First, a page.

L’Oréal, the undisputed leader of the beauty industry, has been setting high standards with its branding, marketing, packaging design, and above all, products. L’Oréal has made it this far not only because of good marketing and branding but because of their superior quality products.
While it is true that the beauty industry, by far, is one of the most profitable industries, holding on to the number 1 spot consistently for years is truly an achievement.
The visual identity of a brand can help a company stand apart from the crowd; however, once visibility is achieved, a brand must maintain itself with quality products and services and a proper business model.
In an interview, published on Capitalmind, Jean Paul Agon, Chairman of L’Oréal, revealed about the beauty brand’s success. He said:
“Our model is, and has been for 50 years, to buy a brand at an early stage because we think it can become a globally successful player. For example, we bought Kiehl’s in 2000, when the business was generating $ 20 million annually. It was a single store in New York City and had a few counters at Saks (department store). Then, for 20 years, we built the business and now it is a $ 1.37 billion business. The way we grow is exactly this combination of buy-and-grow – not buy or grow. And that’s what we do every year. Once the brands have been acquired, they are brands that we build.”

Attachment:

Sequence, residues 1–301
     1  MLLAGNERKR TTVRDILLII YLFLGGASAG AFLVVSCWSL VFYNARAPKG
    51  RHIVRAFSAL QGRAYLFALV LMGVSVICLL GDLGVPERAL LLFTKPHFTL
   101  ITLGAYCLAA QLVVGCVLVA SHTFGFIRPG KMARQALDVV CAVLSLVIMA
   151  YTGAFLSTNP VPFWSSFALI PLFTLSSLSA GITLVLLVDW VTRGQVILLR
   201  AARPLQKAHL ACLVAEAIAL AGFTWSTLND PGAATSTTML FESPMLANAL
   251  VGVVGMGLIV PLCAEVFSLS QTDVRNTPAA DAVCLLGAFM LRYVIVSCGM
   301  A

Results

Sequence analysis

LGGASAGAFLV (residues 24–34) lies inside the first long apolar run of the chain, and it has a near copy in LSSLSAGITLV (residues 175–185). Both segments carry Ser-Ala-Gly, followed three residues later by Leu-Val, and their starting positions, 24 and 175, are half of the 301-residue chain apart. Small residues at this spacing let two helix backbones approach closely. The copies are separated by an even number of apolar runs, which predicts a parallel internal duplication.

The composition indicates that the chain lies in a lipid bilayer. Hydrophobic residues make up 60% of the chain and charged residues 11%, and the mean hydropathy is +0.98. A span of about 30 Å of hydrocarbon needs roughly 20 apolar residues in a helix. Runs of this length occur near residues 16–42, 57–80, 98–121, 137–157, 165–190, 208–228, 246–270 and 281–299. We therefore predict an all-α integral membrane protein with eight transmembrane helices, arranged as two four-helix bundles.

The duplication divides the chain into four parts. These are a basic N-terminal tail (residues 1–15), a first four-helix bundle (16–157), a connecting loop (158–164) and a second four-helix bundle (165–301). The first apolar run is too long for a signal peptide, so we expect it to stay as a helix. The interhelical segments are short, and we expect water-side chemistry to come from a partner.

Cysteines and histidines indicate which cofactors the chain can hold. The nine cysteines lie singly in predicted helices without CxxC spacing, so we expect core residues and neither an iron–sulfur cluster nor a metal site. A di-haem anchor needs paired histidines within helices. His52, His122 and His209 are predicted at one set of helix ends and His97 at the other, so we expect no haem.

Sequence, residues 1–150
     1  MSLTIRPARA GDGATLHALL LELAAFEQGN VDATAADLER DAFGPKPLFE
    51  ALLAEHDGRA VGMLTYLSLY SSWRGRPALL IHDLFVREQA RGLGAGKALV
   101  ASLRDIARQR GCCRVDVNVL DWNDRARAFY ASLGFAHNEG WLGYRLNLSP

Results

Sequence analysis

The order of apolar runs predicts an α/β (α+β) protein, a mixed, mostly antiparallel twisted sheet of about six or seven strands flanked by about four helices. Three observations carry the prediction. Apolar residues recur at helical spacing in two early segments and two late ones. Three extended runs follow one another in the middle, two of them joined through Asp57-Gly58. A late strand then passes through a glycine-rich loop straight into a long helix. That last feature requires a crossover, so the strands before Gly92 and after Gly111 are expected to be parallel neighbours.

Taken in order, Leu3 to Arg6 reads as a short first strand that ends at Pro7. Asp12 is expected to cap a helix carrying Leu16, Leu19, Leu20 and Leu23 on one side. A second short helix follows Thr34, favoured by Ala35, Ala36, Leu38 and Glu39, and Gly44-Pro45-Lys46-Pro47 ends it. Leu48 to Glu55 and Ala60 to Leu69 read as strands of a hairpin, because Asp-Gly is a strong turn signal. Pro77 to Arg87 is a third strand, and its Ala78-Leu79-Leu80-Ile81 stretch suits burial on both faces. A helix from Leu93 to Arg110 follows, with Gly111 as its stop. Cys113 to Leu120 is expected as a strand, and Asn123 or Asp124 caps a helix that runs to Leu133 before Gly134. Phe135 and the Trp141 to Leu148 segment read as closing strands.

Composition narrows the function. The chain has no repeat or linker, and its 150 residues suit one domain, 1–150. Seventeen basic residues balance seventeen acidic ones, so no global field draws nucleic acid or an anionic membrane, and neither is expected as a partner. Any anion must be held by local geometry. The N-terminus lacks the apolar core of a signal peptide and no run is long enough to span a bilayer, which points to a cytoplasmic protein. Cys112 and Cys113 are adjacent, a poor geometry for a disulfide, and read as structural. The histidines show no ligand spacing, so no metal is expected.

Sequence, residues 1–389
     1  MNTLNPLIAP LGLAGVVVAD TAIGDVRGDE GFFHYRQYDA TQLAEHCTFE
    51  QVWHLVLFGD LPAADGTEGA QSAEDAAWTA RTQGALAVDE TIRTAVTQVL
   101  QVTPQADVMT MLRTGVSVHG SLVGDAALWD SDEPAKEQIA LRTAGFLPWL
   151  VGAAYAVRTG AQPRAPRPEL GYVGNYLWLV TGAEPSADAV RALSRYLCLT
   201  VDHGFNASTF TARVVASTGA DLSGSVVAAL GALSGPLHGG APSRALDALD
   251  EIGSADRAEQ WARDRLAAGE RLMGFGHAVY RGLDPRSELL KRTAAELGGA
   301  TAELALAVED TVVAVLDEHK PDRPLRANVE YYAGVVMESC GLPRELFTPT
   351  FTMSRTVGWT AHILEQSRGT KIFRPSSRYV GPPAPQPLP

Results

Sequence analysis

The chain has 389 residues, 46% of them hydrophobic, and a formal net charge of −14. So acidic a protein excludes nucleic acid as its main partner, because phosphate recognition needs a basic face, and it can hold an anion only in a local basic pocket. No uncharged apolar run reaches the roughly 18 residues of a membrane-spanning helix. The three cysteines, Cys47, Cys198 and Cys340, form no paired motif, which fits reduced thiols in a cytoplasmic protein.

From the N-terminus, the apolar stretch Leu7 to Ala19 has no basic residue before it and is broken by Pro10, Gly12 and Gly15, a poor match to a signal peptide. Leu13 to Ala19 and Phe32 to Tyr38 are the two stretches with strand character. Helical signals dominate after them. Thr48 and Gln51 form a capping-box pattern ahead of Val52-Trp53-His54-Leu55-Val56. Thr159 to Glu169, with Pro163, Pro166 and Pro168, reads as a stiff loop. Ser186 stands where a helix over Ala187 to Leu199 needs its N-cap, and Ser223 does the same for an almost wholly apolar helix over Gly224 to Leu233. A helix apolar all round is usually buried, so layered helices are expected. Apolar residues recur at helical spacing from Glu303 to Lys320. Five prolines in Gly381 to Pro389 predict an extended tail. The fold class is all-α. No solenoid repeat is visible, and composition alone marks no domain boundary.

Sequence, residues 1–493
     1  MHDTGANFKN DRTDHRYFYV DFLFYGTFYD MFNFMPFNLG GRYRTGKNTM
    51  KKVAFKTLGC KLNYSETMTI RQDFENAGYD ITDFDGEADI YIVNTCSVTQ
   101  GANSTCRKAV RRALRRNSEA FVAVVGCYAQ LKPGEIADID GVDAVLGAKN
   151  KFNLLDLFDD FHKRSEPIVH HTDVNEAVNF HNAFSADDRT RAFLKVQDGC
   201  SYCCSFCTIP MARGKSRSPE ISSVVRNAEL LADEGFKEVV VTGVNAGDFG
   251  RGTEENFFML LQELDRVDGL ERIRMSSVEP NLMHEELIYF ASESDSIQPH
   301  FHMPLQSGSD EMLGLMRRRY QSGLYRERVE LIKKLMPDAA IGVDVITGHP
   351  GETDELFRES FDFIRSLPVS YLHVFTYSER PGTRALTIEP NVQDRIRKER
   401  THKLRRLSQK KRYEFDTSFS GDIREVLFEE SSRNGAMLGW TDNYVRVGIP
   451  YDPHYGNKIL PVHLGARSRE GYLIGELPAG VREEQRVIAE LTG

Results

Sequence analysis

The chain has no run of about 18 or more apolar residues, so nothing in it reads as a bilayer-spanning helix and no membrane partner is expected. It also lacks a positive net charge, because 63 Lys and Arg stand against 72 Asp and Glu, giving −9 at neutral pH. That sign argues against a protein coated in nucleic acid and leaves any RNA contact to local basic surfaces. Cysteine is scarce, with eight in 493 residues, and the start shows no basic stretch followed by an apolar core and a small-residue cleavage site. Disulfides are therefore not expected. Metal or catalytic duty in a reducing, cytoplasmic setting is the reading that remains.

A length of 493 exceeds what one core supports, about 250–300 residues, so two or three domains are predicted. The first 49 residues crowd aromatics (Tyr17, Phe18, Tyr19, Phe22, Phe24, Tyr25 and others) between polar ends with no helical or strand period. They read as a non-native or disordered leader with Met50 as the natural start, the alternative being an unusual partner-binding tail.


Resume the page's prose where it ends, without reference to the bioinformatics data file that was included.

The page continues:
L’Oréal: A Brief History
Founded in 1909 by Eugene Schueller, L’Oréal is headquartered in Clichy, Hauts-de-Seine, France. The largest cosmetics company in the world specializes in skincare, hair color, hair care, sun protection and make-up.
Eugene Paul Louis Schueller was a young chemist when he developed a hair dye called Oréale. The young chemist manufactured and sold Oréale to Paris-based hairdressers. Schueller tested success very quickly; Oréale became the talk of the town. The success of his product led him to form his own company. In 1909, Eugène registered his company; la Société Française de Teintures Inoffensives pour Cheveux. The company was later renamed L’Oréal.
L’Oréal Logo: Meaning
The L’Oréal logo is not a symbol but a verbal sign. The company name and the visual identity were inspired by Oréale: the first product to be manufactured by the company’s founder. A mix of upper and lower case letters, while maintaining the grammatical rules, is what makes the wordmark interesting.
In 1971, IlonSpecht, a 23-year-old copywriter, along with McCann Erickson worked out the famous “Because I am worth it” slogan. The slogan was so revolutionary that it drove L’Oréal’s sales up. In 2021, L’Oréal celebrated the slogan’s 50th anniversary. The official L’Oréal website mentioned:
“When we say, ‘we’re worth it,’ it’s not a tagline, it’s a brand mission. Taking your beauty into your own hands is empowering. Believing in your own beauty is something no one else can control. That is your power. L’Oréal Paris is working towards the day when you hear, ‘we are worth it,’ and women everywhere will reply: ‘we never doubted it for a moment.’”